That said, there is no need to make uninformed or random territory assignments. Geography should form the basis of your decision-making. Your first cut at setting up sales territories should be based on sound market assessments and geography. If you’ve done a good job hiring your sales people, geography should suffice, with ninety-nine percent of the customers in that territory being well serviced by your chosen sales rep. I’ve found that there will always be a few customers who do not “click” with even the most dynamic sales person. For these customers, either the regional manager should handle the account or another sales rep can be assigned.


The Customer Is (Still) Always Right

Don’t ever tell a customer he or she can’t have the salesrep they want because of geography, team assignments or policy (a proxy argument). Reassigning a sales rep to the account simply on the word of the customer may sound like a bad idea to you for many reasons - the rep may be far from the territory, it might upset the balance of your teams, it might just appear to you, given your knowledge of the two personalities, to be a bad fit.

Rather than stand on your company policies, feel free to use your sales skills to try and “sell” the customer on the rep you know is best to handle the account. You may be successful, you may not, but in the end, the customer is always right. I have often had the experience of trying to talk the customer out of a bad “rep” decision, knowing full well that the sales rep the customer prefers, will likely fail over time. Eventually, either the customer herself asked for the change, the buyer changed or the rep gave up the account. In rare instances, things worked out as the customer expected and I was proven wrong.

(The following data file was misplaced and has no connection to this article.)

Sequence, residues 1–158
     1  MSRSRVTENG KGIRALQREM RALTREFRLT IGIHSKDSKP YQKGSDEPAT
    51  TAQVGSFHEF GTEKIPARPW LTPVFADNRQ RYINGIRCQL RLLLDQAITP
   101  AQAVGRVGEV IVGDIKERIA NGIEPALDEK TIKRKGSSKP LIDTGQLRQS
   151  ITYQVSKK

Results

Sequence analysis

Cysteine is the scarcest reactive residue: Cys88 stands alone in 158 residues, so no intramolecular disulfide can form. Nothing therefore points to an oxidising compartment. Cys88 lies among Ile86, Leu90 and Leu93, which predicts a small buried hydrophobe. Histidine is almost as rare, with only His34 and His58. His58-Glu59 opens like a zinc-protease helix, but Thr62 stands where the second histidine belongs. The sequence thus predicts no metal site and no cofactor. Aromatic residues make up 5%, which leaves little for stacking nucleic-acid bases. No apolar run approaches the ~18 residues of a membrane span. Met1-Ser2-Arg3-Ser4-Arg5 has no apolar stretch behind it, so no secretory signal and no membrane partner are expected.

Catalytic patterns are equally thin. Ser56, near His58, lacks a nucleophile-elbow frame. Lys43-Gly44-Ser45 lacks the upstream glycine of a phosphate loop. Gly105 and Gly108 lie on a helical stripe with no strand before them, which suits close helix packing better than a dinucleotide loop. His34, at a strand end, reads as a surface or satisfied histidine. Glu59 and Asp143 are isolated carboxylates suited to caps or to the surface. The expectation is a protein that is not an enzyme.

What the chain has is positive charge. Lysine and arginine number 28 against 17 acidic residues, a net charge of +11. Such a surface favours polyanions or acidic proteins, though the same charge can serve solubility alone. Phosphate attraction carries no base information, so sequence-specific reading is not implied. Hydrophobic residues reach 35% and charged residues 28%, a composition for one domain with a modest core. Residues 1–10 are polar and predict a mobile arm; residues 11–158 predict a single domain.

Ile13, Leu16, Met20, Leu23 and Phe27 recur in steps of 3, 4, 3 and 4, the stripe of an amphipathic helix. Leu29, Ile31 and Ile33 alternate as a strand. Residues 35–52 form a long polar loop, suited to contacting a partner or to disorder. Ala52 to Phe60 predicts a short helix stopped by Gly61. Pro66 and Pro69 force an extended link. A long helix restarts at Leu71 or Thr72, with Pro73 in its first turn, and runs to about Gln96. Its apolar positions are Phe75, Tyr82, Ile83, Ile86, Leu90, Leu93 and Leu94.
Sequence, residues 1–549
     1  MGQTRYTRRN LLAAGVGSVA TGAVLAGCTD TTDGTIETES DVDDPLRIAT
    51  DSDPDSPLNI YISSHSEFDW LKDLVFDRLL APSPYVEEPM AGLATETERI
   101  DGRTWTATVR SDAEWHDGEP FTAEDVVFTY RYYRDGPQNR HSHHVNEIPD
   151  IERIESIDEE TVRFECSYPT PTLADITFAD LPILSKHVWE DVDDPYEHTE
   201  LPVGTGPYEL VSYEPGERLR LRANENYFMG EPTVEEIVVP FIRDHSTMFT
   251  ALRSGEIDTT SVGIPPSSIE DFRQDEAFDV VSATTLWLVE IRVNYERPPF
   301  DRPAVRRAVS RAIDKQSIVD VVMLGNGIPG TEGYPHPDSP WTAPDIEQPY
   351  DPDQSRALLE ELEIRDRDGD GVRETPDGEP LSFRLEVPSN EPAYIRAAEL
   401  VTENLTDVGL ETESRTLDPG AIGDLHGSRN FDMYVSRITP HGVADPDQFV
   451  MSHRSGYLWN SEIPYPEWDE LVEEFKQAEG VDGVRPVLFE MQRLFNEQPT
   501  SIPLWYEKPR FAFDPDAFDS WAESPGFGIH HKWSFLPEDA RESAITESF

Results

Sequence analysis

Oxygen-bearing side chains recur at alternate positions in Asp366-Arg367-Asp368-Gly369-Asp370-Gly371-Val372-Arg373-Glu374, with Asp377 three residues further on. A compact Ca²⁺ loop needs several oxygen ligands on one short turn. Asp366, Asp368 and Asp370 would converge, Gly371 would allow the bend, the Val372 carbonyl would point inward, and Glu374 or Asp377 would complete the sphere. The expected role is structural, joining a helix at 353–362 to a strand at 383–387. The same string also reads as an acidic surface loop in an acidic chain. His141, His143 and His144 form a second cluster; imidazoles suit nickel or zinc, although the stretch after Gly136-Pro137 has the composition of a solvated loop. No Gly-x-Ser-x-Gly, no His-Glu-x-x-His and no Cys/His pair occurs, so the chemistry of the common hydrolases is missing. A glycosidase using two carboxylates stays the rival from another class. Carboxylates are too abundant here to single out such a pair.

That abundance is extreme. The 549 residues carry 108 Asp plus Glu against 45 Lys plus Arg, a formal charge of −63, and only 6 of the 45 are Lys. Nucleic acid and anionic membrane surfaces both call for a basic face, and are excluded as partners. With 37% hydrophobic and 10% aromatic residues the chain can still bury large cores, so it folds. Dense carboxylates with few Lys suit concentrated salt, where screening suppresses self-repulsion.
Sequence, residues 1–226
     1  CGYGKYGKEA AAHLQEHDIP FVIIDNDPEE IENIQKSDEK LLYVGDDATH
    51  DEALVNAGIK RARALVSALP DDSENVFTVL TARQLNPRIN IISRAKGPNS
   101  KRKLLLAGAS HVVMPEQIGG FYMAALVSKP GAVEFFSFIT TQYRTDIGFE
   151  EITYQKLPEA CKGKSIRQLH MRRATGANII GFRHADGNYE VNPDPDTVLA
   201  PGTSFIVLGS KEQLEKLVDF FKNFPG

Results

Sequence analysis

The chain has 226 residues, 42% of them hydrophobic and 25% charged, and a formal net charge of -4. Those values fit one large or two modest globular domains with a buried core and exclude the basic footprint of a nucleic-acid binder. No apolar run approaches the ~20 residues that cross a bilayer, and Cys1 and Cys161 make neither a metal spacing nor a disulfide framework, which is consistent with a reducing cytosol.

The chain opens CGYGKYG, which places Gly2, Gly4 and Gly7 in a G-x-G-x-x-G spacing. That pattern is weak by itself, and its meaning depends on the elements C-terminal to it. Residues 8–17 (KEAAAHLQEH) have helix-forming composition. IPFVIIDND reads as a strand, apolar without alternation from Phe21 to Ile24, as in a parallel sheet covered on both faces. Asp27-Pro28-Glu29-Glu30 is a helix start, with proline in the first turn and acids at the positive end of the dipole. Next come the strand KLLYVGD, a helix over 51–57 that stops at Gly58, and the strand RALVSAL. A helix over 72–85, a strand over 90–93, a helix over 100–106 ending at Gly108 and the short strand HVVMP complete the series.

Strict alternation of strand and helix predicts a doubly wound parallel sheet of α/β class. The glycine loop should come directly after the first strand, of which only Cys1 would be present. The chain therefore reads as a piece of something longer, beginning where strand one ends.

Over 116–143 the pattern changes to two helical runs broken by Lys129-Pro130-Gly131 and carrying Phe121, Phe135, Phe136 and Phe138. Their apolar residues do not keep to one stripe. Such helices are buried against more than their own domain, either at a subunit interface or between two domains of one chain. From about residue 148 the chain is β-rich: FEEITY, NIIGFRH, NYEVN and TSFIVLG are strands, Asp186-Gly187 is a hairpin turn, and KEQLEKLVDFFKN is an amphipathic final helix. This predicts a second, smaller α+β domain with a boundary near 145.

Different Markets = Different Marketing

Every region is different. Don’t be fooled into setting up a “one size fits all” sales and marketing strategy. Different regions of the country, different states, even different regions within a state, can all exhibit different tastes in product mix and price tolerance. It’s not possible to have the expectation that 100% of your portfolio will sell everywhere you cover. You have to populate your book with products which will appeal to a wide range of markets and then learn to be happy when you sell some products in each market.